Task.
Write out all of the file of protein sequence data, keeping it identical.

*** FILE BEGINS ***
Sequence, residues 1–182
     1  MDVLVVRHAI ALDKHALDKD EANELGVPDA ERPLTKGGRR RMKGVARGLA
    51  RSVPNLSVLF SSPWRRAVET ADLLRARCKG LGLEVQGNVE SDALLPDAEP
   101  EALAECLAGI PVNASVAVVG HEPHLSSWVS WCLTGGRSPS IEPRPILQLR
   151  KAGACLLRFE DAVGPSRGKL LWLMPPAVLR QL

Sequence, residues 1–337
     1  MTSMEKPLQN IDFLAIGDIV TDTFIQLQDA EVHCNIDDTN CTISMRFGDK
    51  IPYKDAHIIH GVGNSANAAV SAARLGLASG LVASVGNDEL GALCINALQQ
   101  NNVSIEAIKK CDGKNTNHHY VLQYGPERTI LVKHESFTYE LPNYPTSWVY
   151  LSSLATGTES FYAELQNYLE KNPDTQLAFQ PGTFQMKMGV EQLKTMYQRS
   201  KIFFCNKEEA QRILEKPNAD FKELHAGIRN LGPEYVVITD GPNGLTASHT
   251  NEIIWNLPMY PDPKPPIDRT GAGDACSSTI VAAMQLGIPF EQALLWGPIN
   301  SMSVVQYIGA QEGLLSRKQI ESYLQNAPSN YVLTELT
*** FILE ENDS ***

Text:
Sequence, residues 1–182
     1  MDVLVVRHAI ALDKHALDKD EANELGVPDA ERPLTKGGRR RMKGVARGLA
    51  RSVPNLSVLF SSPWRRAVET ADLLRARCKG LGLEVQGNVE SDALLPDAEP
   101  EALAECLAGI PVNASVAVVG HEPHLSSWVS WCLTGGRSPS IEPRPILQLR
   151  KAGACLLRFE DAVGPSRGKL LWLMPPAVLR QL

Sequence, residues 1–337
     1  MTSMEKPLQN IDFLAIGDIV TDTFIQLQDA EVHCNIDDTN CTISMRFGDK
    51  IPYKDAHIIH GVGNSANAAV SAARLGLASG LVASVGNDEL GALCINALQQ
   101  NNVSIEAIKK CDGKNTNHHY VLQYGPERTI LVKHESFTYE LPNYPTSWVY
   151  LSSLATGTES FYAELQNYLE KNPDTQLAFQ PGTFQMKMGV EQLKTMYQRS
   201  KIFFCNKEEA QRILEKPNAD FKELHAGIRN LGPEYVVITD GPNGLTASHT
   251  NEIIWNLPMY PDPKPPIDRT GAGDACSSTI VAAMQLGIPF EQALLWGPIN
   301  SMSVVQYIGA QEGLLSRKQI ESYLQNAPSN YVLTELT